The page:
SHORT, FRANCIS JOB (1857-), English engraver, was born at Stourbridge, Worcestershire, on the 19th of June 1857. He was educated to be a civil engineer, and was engaged on various works in the Midlands until 1881, when he came to London as assistant to Mr Baldwin Latham in connexion with the Parliamentary Inquiry into the pollution of the river Thames. He was elected an associate member of the Institute of Civil Engineers in 1883. Having worked at the Stourbridge School of Art in his early years he joined the National Art Training School, South Kensington, in 1883. He also worked at the life class under Professor Fred Brown at the Westminster School of Art, and for a short time at the Schools of the Royal Institute of Painters in Water-colours. His real life-work now became that of an original and translator engraver. He was a keen student of the works of J. M. W. Turner; and his etchings and mezzo tints from Turner's Liber Studiorum (1885 seq.), wonderful examples of painstaking devotion and unrivalled skill, were among his earliest successes, showing the deepest sympathetic study of the originals combined with a full knowledge of the resources of engraving and unwearied patience. Short received the highest praise and constant advice and encouragement from Ruskin, and the co-operation of students of Turner such as Mr W. G. Rawlinson and the Rev. Stopford Brooke. After completing the series from the existing plates of Turner's Liber Short turned to the subjects which Turner and his assistants had left incomplete. Several fine plates resulted from this study, bearing the simple lettering “F. Short, Sculp., after J. M. W. Turner, R.A.,” which told very little of the work expended on their production even before the copper was touched. Short also reproduced in fine mezzo tints several of the pictures of G. F. Watts, “Orpheus and Eurydice,” “Diana and Endymion,” “Love and Death,” “Hope,” and the portrait of Lord Tennyson, all remarkable as faithful and imaginative renderings. His own fine quality as a water-colour painter made him also a sympathetic engraver of the landscapes of David Cox and Peter de Wint. His subtle drawing of the receding lines of the low banks and shallows of river estuaries and flat shores is seen to perfection in many of his original etchings, mezzotints, and aquatints, notably “Low Tide and the Evening Star” and “The Solway at Mid-day.” Other plates that may be mentioned are:— “Gathering the Flock on Maxwell Bank,” a soft-ground etching; “The Ferry over the Blyth,” “Walberswick Pier,” soft-ground; “Dutch Greengrocery,” “Noon on the Zuider Zee,” “Deventer,” “Strolling Players at Lydd,” “An April Day in Kent,” and “Staithes," all etchings; “A Wintry Blast on the Stourbridge Canal,” “Peveril's Castle,” and “Niagara Falls,” dry points; “The Curfew,” “A Span of old Battersea Bridge,” and “Sunrise on Whitby Scaur,” aquatints; “Ebbtide, Putney Bridge,” “The Weary Moon was in the Wane,” “Solway Fishers,” “The Lifting Cloud,” and “A Slant of Light in Polperro Harbour,” mezzotints. Short was elected A.R.A. in 1906 when the rank of associate-engraver was revived. As head of the Engraving School at the Royal College of Art, South Kensington, he had great influence on younger engravers. Short was elected to the Royal Society of Painter-Etchers and Engravers in 1885, and took a prominent part in conducting its affairs. In 1910 he succeeded Sir Seymour Haden as president. He received, amongst other distinctions, the gold medal for engraving at the Paris International Exhibition, 1889, and another gold medal (Rappel) 1900.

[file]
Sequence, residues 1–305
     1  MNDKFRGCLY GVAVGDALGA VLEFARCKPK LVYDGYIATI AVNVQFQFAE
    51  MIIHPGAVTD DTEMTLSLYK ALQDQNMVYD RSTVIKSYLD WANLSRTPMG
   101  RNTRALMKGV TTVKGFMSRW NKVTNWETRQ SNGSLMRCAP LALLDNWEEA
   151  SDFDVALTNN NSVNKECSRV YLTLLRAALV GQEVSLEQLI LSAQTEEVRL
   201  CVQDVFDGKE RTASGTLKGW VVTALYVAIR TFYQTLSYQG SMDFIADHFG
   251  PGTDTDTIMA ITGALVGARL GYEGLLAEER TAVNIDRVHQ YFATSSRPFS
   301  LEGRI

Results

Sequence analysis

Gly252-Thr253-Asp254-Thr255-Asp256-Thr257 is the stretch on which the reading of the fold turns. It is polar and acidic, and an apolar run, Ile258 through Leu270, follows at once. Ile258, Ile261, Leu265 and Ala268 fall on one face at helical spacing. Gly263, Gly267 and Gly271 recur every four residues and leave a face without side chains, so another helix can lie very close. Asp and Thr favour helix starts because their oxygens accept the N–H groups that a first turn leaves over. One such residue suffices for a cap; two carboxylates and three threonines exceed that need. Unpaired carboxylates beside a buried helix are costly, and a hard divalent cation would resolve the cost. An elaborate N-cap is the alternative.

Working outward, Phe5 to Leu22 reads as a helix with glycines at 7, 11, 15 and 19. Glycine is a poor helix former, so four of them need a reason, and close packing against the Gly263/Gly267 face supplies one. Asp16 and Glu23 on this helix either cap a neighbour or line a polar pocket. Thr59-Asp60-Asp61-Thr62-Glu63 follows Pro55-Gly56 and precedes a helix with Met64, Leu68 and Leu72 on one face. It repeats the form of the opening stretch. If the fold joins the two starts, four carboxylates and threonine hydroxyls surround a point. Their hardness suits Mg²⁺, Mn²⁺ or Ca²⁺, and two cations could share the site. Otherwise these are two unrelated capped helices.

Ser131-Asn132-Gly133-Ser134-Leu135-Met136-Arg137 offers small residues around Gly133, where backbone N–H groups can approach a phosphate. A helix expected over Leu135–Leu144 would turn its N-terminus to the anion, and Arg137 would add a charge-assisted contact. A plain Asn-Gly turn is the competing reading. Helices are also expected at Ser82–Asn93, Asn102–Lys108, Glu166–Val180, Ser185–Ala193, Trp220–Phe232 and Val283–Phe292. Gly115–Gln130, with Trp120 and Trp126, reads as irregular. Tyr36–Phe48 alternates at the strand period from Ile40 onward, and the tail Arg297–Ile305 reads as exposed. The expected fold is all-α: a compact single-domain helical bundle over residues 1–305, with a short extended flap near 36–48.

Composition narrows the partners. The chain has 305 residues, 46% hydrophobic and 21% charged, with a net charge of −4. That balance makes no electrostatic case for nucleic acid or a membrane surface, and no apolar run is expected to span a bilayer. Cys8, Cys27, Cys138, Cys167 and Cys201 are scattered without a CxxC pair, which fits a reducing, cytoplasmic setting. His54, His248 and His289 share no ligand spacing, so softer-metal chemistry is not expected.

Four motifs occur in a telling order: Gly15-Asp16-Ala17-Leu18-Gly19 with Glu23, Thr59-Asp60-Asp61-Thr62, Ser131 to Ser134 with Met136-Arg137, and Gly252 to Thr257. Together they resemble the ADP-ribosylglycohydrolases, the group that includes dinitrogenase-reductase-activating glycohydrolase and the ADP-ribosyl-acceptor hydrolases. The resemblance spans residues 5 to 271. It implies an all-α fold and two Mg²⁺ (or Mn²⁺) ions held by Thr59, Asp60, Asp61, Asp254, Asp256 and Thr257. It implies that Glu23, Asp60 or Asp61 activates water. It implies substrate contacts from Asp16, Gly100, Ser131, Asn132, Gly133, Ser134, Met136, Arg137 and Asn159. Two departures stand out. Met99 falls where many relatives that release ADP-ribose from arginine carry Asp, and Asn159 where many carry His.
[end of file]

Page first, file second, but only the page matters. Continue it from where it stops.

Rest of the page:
The Etched and Engraved Work of Frank Short, by Edward F. Strange (1908), describes 285 plates by the artist.